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Before the introduction of iron, undershot water wheels were frequently employed, and were in almost eVery instance constructed with straight radial floats, as in the annexed sketch, the water being discharged against the float boards, as it rushed with considerable velocity underneath the shuttle. This was the invariable practice down to Smeaton's time even, the prin

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ciple being to employ the impulse of the fluid stream, and not its gravity or weight. Indeed, there appeared to be an impression that this was the more effective and economical mode of application, and probably arose out of the circumstances of the original employment of water as a moving power. The earliest wheels of which we read are undershot wheels placed between two boats in a flowing stream, and driven by its impulse, and in Smeaton's own time the works for the supply of water to London obtained their power from some magnificent examples of precisely similar wheels, placed in the tidal stream rushing between the clumsy piers of the old London Bridge. In the old time it was no doubt an advantage to have the primemover working at a considerable velocity, and an overshot wheel

The earliest great advance in the perfecting of the water wheel was effected mainly by Smeaton, and we owe to him the first experimental inquiries on the effect and proper velocity and proportions of water wheels. In all the various applications of water, experimental researches have hitherto been the principal means of advance, and in no department has more labour and talent been expended in such inquiries; the result is, that our hydraulic machinery of the present day is as perfect, and yields as high a proportion of the power to the actual fall of water, as we can ever hope to obtain.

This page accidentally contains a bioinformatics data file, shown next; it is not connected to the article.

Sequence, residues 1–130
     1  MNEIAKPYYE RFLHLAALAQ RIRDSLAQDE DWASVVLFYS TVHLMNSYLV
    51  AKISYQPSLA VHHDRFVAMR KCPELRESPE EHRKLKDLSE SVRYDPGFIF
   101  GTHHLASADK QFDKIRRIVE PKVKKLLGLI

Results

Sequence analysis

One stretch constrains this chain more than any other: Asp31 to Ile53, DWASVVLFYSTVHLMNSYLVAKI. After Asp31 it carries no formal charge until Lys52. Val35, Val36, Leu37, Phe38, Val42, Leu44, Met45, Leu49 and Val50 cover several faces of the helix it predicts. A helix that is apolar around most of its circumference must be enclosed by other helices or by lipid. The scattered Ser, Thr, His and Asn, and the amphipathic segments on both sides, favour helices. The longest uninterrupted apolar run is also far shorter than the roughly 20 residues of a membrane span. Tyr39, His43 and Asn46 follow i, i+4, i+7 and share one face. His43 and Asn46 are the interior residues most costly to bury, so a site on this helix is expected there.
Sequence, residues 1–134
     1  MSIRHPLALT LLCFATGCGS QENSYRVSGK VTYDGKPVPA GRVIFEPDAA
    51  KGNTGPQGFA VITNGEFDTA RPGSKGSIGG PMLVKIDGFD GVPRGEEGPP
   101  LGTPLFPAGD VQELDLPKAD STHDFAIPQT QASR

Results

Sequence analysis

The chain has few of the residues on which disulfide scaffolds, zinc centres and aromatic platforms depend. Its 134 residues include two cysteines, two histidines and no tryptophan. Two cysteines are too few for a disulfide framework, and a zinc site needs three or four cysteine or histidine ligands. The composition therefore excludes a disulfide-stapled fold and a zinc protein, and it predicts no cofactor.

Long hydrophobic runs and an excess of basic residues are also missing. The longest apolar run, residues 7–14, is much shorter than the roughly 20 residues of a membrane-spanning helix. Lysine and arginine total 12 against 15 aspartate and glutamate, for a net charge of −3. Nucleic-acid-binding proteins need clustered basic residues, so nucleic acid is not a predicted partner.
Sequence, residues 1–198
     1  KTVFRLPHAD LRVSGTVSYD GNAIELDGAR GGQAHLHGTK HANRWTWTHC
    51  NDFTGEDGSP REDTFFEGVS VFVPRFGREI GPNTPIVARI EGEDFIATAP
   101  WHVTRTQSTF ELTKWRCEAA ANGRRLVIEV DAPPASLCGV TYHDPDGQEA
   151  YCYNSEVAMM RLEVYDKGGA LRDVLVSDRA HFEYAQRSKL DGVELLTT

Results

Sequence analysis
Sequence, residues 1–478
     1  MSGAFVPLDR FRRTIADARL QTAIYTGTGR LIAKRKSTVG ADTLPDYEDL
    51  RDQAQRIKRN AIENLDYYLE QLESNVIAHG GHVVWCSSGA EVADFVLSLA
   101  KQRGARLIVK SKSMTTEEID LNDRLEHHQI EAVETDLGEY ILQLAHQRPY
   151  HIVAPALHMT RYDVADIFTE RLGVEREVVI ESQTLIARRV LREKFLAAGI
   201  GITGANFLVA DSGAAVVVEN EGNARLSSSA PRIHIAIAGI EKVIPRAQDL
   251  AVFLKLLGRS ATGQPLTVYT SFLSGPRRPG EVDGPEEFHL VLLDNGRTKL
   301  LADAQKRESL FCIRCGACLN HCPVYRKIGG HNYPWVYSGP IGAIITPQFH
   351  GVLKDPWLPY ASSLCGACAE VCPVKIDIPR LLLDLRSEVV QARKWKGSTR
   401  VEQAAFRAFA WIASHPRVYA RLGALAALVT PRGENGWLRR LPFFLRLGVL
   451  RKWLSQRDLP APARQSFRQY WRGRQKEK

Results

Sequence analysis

In my own practice I have been accustomed to employ water even for very low falls, solely by gravity, using the arrangement already described, as a low breast wheel, when treating of ventilation, and which is shown in detail in Plate III. This wheel is 16 feet in diameter, 17 feet 6 inches between the shrouds, and is adapted to a fall varying from 5 to 8 feet, according to the condition of the river. The water flows into the wheel at its highest level, over a sliding sluice of precisely the same construction as in high breast wheels ; it is retained in the buckets to the bottom of the fall, by the cast-iron and stone breast fitting accurately to the edge of the buckets. The advantages of this construction are manifest, as the water expends its full force on the wheel from the very top of the fall, the

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buckets being well ventilated, and haying a curvature adapted to the position in which they receive the water. By these means, a greatly increased duty is obtained as compared with the wheels with radial floats acted upon by impulse or gravity, or by both. Besides, with this form of wheel, the spider or suspension principle of construction may be adopted, and the power taken off at once from an internal segmental spur-wheel, placed on one of the shrouds, and a high velocity at once obtained, independently of multiplying gear. The advantages of this form of construction in iron wheels are very great, and, when combined with an economical application of the water, they form a machine probably as effective as any which can be employed for falls of not less than five feet.